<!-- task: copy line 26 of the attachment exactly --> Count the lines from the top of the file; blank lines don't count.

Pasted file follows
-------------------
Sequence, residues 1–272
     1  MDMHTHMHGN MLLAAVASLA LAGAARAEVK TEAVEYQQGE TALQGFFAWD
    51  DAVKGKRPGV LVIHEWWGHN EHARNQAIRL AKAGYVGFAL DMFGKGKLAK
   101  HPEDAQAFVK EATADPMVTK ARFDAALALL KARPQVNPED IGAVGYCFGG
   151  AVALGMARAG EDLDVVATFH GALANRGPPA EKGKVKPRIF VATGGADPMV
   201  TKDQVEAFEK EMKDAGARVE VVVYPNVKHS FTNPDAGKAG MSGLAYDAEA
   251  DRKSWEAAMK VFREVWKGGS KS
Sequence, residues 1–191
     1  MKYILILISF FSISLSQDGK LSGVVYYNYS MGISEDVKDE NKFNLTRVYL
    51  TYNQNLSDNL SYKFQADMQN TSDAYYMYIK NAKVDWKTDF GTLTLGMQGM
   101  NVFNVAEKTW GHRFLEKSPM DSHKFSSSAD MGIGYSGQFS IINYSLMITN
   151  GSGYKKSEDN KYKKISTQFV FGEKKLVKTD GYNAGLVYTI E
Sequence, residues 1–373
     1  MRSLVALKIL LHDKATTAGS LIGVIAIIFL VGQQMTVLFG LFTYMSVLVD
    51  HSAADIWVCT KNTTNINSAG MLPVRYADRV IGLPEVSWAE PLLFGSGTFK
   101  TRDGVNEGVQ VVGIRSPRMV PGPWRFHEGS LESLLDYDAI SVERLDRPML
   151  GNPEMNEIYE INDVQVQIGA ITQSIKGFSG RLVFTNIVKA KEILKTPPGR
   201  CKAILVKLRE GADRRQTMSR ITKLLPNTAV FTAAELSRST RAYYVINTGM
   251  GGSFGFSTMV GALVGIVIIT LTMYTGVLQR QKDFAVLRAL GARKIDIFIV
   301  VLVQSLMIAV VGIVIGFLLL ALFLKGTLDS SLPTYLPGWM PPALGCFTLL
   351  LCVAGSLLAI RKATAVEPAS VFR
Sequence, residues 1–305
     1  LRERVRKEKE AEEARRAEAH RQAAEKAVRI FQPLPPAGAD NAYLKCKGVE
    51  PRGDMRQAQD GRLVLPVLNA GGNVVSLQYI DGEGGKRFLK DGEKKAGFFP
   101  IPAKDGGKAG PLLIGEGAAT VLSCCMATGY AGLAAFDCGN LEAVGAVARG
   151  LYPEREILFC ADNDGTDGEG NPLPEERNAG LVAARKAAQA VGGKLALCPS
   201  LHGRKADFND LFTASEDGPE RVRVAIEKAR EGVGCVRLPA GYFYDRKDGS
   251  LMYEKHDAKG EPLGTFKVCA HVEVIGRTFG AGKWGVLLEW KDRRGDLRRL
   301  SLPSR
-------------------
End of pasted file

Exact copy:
   151  LYPEREILFC ADNDGTDGEG NPLPEERNAG LVAARKAAQA VGGKLALCPS